Are we the L(ast) generation? This thought is disturbing

Last Monday afternoon, as I sat next to a giant, berry-colored sage plant, a hummingbird flew so close to me that I could feel the wind blowing off its wings. Then, as if to say thanks for all the sweetened water this year, thanks for growing this tall plant with thin, trumpet-shaped flowers, it swirled in front of me a full 360 degrees, its head at the pivot and its little bird’s butt swiveling around. .

With the natural world, you have to be there to win. I’ll probably never feel a breath of hummingbird air again. It only happened because I sat still long enough, and wasn’t deep into my phone.

Earlier this summer, while I was swimming in my daily lake, I saw in the distance what I thought was a muskrat, so I quickly turned back from my destination not wanting to cross paths, but when I looked back, there were four muskrats, and when Looking closely, it became clear that they were four otters that looked a bit like small Loch Ness creatures swimming with a distinctive rolling motion. I swam faster and they swam faster, right behind me, watching to catch a glimpse of the huge swimmer in front of them.

Then they dived and shot at me and with the same up-and-down rolling walk they headed up the hill into the nearby swamp. My heart was pounding, and my head reminded me that this was something that would only happen once. That moment when you hold onto nature, that other world beyond the pavement, the advanced technology, and the harsh, harsh cars we drive around in.

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I recently came across a new term, “Generation L”… for the last generation. Are we the last generation, have we burned so many planetary bridges, corrupted so many systems, that at some point our blue orb will still be here, but unwelcome to unprofitable swimmers like me? I don’t know the answer to that, but the idea is troubling.

It will never be a planet forever, we have less control over it than we know. But to shorten it ourselves, and miss those magical moments, is unforgivable.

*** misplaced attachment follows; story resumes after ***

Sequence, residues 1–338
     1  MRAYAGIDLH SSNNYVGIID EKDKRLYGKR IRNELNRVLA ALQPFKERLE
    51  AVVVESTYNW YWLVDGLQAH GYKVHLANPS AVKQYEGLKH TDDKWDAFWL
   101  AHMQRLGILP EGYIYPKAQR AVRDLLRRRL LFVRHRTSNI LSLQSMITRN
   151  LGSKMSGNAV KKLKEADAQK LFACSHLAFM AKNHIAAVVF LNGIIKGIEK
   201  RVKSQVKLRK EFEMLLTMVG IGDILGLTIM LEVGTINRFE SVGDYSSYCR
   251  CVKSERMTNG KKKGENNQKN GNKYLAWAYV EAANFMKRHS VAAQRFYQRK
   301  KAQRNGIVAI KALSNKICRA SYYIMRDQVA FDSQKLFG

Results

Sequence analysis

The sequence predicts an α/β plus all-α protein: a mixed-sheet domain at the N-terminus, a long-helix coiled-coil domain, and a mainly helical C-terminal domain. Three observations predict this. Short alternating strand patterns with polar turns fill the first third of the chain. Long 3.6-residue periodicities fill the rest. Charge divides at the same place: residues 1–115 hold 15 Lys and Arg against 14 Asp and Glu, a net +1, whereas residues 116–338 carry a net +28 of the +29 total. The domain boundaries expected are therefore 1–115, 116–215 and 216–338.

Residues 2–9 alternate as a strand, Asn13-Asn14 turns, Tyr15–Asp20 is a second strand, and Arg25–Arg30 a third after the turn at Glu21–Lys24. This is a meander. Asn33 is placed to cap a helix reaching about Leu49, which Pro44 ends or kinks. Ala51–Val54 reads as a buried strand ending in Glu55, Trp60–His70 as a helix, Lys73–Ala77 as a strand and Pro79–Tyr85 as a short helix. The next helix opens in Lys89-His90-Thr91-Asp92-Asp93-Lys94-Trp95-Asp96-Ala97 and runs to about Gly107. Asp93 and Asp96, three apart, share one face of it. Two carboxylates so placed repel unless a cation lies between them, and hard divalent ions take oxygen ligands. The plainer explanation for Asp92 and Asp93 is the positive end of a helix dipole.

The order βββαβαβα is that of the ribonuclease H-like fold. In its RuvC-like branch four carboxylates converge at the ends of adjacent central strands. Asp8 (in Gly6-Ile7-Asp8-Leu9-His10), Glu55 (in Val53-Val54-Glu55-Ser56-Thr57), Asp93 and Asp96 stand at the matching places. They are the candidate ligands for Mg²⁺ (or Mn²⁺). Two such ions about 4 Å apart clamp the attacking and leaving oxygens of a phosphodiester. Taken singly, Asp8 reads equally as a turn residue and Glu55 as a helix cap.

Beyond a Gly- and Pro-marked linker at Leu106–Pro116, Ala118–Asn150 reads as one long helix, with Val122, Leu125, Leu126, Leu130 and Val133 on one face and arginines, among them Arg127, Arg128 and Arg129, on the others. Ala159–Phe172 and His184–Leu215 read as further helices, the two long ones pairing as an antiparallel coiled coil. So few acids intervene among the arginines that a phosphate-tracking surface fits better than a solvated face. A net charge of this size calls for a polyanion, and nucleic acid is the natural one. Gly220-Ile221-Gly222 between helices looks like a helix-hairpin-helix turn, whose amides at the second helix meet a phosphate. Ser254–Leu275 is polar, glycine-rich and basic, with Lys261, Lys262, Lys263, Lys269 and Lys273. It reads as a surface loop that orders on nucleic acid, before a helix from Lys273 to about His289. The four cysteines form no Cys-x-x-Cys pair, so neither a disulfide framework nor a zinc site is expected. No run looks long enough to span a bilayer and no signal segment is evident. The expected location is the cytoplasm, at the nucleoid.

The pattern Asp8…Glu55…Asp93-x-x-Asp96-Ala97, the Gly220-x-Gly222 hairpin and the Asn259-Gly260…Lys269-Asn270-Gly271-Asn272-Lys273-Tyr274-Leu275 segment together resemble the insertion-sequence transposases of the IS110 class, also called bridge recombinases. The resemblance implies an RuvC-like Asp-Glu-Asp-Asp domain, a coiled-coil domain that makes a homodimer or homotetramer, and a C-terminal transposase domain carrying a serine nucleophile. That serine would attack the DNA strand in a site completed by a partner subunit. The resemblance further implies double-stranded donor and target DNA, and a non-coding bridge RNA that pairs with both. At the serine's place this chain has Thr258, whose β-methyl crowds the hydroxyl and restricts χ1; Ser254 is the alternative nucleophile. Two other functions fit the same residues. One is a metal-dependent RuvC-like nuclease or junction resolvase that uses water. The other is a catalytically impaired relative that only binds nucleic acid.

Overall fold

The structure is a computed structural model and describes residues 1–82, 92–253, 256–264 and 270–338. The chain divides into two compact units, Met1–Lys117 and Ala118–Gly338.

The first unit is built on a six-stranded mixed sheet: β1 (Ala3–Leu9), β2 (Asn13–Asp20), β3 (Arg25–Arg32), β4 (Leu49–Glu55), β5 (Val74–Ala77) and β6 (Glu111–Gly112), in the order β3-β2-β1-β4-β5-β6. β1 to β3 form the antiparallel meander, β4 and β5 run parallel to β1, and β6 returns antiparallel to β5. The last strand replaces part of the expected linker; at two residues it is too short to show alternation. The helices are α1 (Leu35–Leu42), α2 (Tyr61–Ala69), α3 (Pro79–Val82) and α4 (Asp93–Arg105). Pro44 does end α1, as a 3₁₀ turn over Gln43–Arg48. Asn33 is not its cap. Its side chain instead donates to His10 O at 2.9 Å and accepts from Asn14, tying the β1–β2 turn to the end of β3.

There is an area of ​​thought that one of the reasons we are here is to appreciate creation, and that the Creator enjoys our appreciation of the world. It’s a relationship, back and forth. Every now and then, there’s that moment of awe, that washes over you like a miracle bath. Every cell in our body is alert, our eyes are open and our ears are open. These days, I push myself harder to be present, to appreciate and absorb the artistic presentation of the natural world.

Chris Potter

Another story. On a trip to the Grand Tetons, my wish was to get a glimpse and photo of an otter. The flight passed quickly, and we did not see any sights. Until the last day when we left the park, something in the river near the road caught my eye. We pulled over, tiptoed out of the car and sat next to the flowing water, watching and listening as an adult otter split a fish for its large family of pups. We sat transfixed, able to hear the sound of the fish meat being cut into edible pieces. I’ll probably see this once in my life.

So, if there’s hope in all of this, it’s that we’re here now. Respecting something we are not responsible for. Help us love this place a little more. He pushed us to consider our options every day.

Will what I do help or harm the natural world? Will we vote for those who view our nation’s actions as they relate to the livability of our world? Will we seek peace, so that all our human energy can focus on the truly important problems around us?

Opening ourselves to more moments of awe of nature is what will lead us.

Chris Potter lives in Southaven, Minnesota.

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